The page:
The Vikes love to focus on their defense, but even in a down year, it was a top-10 unit last season. It's become apparent that their desire to perfect the D has cost the offense dearly, as Minnesota is one of those teams that seems to think it can get away with having a garbage offensive line. While the Vikings spent an absurd $67.5 million on a five-year contract for linebacker Anthony Barr, veteran Nick Easton defected to the New Orleans Saints, and the guard position continued to be neglected. They could have let Barr walk or released veteran Everson Griffen to raise money for significant changes to the line, but no. In its current form, said unit contains five projected starters who are below average, which is unacceptable even for a cap-strapped franchise that is supposed to be a contender.

         

    What they should do now

    They missed out on Rodger Saffold, and the open-market well is pretty dry at the guard position. They could at least bring back versatile interior offensive lineman Brett Jones, and they should inquire about Donald Penn. If they don't use a first-round pick on an offensive tackle or guard, I give up.

New England Patriots: C

21 of 32

    Jim McIsaac/Getty Images

    What they needed to do

    The Super Bowl champion New England Patriots got away with letting several key players walk in free agency last offseason, but that's probably not a sustainable model as quarterback Tom Brady ages. At a certain point your roster becomes too watered-down, even for Brady and Bill Belichick, which is why it was important for the Pats to stop the bleeding this offseason. They also needed to invest in a new weapon for Brady, especially with Rob Gronkowski's future up in the air.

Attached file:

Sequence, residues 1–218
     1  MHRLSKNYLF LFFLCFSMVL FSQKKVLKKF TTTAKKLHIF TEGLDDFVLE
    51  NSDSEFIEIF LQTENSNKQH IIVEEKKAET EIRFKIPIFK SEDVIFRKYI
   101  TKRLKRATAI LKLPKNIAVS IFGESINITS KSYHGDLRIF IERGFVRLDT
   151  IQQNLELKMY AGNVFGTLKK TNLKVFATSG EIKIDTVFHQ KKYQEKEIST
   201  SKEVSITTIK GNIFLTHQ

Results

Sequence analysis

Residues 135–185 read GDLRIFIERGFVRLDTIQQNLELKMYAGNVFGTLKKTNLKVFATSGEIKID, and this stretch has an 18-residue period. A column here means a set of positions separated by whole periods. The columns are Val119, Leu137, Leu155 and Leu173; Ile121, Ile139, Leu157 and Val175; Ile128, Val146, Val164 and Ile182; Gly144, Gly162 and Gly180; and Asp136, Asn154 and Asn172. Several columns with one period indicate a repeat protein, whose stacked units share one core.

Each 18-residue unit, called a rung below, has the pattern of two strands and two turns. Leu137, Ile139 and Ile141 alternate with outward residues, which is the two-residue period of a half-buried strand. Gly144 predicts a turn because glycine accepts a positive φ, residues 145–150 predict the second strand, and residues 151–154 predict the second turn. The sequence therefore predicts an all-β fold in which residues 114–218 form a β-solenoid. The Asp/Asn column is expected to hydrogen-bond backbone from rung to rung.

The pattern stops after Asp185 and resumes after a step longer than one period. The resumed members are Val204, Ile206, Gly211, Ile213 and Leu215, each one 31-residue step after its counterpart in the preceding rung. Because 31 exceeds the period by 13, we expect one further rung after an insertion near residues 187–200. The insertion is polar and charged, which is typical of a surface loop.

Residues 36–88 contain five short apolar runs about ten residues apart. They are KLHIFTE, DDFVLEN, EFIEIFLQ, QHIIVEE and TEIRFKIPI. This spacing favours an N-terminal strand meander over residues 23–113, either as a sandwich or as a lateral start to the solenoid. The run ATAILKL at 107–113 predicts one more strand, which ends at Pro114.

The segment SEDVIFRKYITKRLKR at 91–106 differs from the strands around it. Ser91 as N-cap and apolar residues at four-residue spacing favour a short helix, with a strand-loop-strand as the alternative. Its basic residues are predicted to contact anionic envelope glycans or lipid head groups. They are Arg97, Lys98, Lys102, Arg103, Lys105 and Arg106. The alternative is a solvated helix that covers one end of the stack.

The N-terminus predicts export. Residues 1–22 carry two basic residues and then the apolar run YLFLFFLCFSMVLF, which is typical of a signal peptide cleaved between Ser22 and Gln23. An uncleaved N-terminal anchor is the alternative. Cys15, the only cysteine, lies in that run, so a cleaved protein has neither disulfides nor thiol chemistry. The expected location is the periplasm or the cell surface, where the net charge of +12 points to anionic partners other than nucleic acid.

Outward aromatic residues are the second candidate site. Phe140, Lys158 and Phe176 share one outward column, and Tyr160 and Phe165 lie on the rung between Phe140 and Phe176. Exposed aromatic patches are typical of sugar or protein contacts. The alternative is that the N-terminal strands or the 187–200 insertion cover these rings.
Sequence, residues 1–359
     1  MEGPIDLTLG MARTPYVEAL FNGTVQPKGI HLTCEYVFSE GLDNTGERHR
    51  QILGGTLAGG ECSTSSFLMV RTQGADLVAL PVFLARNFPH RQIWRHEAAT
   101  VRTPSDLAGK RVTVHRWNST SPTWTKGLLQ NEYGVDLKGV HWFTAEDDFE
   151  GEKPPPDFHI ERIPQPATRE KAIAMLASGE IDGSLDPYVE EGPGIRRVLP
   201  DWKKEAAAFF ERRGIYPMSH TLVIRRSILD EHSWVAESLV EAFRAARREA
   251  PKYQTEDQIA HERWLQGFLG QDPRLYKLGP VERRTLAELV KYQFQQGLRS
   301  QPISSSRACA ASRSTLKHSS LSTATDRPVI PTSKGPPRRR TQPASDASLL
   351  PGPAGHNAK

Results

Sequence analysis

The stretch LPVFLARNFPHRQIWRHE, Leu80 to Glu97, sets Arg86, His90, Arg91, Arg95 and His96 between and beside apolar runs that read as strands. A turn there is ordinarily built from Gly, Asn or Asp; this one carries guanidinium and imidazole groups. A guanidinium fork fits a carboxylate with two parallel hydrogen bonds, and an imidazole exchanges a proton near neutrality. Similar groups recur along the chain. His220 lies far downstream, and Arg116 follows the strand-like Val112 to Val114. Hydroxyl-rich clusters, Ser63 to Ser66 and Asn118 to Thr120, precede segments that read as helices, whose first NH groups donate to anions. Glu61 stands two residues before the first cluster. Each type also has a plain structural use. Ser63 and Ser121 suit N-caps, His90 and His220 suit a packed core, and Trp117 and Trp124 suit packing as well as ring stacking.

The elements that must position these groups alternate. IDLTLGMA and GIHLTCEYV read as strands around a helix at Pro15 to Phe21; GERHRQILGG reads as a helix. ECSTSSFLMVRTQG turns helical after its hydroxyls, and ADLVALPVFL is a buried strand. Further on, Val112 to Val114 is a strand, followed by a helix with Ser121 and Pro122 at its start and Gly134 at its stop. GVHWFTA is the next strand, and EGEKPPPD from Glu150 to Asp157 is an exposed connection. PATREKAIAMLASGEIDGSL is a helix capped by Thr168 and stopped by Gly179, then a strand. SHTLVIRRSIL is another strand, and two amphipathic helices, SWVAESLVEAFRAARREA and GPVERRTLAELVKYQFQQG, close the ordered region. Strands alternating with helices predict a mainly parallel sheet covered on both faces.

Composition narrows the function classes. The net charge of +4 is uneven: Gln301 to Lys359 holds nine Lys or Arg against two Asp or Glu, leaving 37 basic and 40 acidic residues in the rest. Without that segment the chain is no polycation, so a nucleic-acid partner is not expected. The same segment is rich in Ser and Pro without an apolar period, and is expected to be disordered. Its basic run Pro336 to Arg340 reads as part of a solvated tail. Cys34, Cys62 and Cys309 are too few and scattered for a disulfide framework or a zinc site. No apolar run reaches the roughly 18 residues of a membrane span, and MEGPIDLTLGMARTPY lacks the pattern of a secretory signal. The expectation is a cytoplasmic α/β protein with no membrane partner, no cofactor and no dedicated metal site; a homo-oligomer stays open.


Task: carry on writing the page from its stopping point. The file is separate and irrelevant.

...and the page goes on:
What they did right

    They refused to make Trent Brown the highest-paid offensive lineman in NFL history, which was smart because Brady's lightning-quick delivery is probably the only reason Brown appeared to perform at a satisfactory level rather than a mediocre level in 2018. He's not good, and that contract he got from the Raiders is comedy. They re-signed Phillip Dorsett and brought in Bruce Ellington at receiver, but it was another quiet March in New England.

         

    Where they went wrong

    They bled a bit too much with the loss of Brown combined with the departures of Trey Flowers and Malcom Brown on defense. That said, they didn't have the money to keep Flowers, and you know they love those compensatory draft picks. They also let Cordarrelle Patterson walk and cut tight end Dwayne Allen, and Chris Hogan still hasn't been re-signed, which again raises concerns about the quality of Brady's pass-catchers.

         

    What they should do now

    They have six of the first 101 picks in the draft, and they ought to get word from Gronkowski and decide on Hogan before that.

New Orleans Saints: B-

22 of 32

    Chris Graythen/Getty Images

    What they needed to do